After being closed due to COVID-19 for over a year, the theme parks at the Disneyland Resort are making their triumphant return on April 30, and we have an exclusive look inside the recent Cast Member reopening preview from our special guest correspondent Christopher Schmidt.
This week, fortunate California residents—joined vicariously by Disney fans around the world—will celebrate the reopening of The Happiest Place on Earth. Tuesday, April 27, through Thursday, April 29, were Cast Member-exclusive soft-open days. Friday, April 30, represents the official end of the Disneyland Resort lockdown, with both Disneyland and Disney California Adventure welcoming back limited numbers of reservation-securing Californian guests.
Our guest correspondent had the privilege to attend the first soft-open day at Disneyland Park, and while he would have been thrilled to sit on a charmingly appointed trash receptacle and just take in the park, fortunately for us he got to enjoy far more than that, and then send in the following report.
Organizationally, logistically, and from a health and safety standpoint, Disneyland’s return largely follows the pattern already established at Walt Disney World. In this article we endeavor to detail what is new and different, and what you can expect as you make your way back to the Disneyland Resort. Spoiler alert: Despite a few compulsory restrictions, the only thing lacking during the soft open was oppressive overcrowding, so go ahead and set those expectations high; COVID protocols and limitations, notwithstanding, Disney will exceed them.
What’s New, What’s Changed, and What to Expect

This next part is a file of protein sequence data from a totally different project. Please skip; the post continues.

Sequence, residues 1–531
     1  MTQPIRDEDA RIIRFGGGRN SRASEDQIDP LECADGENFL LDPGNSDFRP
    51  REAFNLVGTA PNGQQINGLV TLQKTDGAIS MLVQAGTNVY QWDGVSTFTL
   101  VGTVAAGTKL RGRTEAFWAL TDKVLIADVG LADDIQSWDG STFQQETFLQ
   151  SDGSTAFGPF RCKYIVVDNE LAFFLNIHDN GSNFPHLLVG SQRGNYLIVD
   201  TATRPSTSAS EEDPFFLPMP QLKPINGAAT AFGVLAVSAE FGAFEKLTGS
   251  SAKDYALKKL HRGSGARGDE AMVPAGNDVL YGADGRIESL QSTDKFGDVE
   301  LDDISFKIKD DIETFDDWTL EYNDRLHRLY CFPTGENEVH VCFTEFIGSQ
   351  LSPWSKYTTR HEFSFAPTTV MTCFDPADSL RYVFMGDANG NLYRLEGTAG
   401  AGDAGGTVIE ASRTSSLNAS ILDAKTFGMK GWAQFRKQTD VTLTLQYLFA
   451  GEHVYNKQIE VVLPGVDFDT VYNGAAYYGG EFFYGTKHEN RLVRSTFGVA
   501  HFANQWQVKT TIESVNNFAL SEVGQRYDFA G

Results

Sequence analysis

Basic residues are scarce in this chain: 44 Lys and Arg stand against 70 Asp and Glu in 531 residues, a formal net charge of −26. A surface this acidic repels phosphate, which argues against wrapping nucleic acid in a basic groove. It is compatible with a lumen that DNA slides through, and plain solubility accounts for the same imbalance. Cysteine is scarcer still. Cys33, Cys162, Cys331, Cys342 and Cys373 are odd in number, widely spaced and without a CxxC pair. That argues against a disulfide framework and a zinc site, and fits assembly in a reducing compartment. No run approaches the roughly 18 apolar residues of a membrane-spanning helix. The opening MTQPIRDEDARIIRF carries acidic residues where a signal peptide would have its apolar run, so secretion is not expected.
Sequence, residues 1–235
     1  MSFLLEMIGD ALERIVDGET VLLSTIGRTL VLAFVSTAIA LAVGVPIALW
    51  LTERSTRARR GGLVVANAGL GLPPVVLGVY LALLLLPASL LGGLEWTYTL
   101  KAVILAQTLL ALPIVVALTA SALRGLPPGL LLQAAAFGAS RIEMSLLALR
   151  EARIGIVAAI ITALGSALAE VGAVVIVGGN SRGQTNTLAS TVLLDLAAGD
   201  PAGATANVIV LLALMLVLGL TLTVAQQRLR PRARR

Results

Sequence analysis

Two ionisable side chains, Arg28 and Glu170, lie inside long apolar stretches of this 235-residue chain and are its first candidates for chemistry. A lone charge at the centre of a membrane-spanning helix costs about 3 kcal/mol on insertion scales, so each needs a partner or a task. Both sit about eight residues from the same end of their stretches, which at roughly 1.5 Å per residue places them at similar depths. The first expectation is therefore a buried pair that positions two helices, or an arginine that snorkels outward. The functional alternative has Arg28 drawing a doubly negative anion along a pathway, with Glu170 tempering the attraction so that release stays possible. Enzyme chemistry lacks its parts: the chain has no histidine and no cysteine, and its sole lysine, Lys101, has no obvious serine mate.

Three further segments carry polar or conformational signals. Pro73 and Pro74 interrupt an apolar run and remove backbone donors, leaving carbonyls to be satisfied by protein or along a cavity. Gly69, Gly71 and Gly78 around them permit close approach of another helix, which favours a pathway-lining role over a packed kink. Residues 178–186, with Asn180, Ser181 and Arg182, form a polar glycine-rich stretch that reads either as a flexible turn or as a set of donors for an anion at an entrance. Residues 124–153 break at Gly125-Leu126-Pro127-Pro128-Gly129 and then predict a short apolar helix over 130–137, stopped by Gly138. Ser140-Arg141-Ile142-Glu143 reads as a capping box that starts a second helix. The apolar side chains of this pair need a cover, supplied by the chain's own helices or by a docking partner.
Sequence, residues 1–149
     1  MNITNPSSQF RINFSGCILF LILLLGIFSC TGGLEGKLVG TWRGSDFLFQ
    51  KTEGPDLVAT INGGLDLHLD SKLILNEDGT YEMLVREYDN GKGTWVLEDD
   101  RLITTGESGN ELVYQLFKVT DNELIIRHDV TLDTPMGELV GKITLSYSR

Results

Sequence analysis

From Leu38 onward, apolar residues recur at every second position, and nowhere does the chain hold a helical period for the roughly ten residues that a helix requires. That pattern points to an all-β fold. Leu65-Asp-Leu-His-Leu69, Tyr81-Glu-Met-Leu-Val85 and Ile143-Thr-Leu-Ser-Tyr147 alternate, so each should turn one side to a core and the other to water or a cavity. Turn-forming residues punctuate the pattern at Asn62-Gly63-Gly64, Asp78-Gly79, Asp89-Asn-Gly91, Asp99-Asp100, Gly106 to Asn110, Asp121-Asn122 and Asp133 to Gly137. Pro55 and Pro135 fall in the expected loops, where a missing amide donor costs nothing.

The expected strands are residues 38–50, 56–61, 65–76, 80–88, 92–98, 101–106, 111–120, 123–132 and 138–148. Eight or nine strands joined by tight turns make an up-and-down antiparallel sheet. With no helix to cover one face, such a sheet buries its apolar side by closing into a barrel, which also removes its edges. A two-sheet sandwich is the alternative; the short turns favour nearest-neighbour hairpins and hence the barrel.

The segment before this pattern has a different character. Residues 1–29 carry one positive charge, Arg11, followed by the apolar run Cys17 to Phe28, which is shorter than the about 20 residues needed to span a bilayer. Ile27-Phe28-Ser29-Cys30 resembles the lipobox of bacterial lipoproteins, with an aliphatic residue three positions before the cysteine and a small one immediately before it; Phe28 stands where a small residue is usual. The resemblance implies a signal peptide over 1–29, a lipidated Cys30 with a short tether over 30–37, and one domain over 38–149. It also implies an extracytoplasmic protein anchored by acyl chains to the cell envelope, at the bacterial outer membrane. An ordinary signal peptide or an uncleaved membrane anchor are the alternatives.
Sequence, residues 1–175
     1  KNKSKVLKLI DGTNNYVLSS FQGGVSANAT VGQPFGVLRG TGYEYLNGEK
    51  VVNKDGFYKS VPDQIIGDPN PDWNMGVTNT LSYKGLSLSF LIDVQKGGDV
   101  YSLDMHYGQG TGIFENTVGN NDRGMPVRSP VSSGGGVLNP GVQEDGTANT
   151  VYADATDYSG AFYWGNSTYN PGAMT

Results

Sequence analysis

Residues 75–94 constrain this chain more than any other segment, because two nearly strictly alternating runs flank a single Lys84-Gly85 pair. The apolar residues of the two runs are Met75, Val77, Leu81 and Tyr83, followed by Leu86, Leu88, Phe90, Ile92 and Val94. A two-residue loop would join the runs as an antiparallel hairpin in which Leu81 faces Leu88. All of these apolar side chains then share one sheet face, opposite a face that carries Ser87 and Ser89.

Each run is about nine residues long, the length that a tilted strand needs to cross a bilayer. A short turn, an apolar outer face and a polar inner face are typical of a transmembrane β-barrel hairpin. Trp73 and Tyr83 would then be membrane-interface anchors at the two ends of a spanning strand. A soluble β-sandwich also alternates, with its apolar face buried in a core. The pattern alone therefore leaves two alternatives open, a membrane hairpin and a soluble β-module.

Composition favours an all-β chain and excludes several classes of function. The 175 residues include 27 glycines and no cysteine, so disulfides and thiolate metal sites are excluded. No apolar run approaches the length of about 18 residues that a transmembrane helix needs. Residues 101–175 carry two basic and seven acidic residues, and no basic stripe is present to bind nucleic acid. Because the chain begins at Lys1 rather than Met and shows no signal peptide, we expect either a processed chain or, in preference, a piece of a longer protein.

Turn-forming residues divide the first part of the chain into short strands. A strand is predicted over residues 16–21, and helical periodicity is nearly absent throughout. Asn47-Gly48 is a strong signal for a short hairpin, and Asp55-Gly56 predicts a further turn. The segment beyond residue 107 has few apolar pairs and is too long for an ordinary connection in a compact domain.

Significant swaths of the new procedures will be familiar to those who have recently attended Walt Disney World, Universal, or any international Disney Resort. They are, however, generally foreign to pre-COVID Disneyland guests.
Aside from securing an advance park reservation, none of the new guidelines are terribly difficult to abide. Still, you will want to be aware of the changes, or potentially find yourself on the wrong side of a resolutely impenetrable security checkpoint.
To enter Disneyland, Disney California Adventure, or a Disney Park, you now need more than a mere ticket. The California parks will be observing COVID-determinate crowd limitations. At the moment, the limit is set at 25% of normal park capacity, for each park. To avoid surprise overcrowding, Disneyland and Disney California Adventure require guests to acquire tickets and theme park reservations in advance and link the two.
Once on site, guests will note several alterations to the security and bag-check arrangement. Whether entering from Harbor Blvd. to the east or the parking megaplex on the west side of the resort, one is first subjected to a courtesy temperature check. This process is touchless, and if guests are keen to listen to directions as they approach, they need hardly even break stride (assuming no one in their party is sick).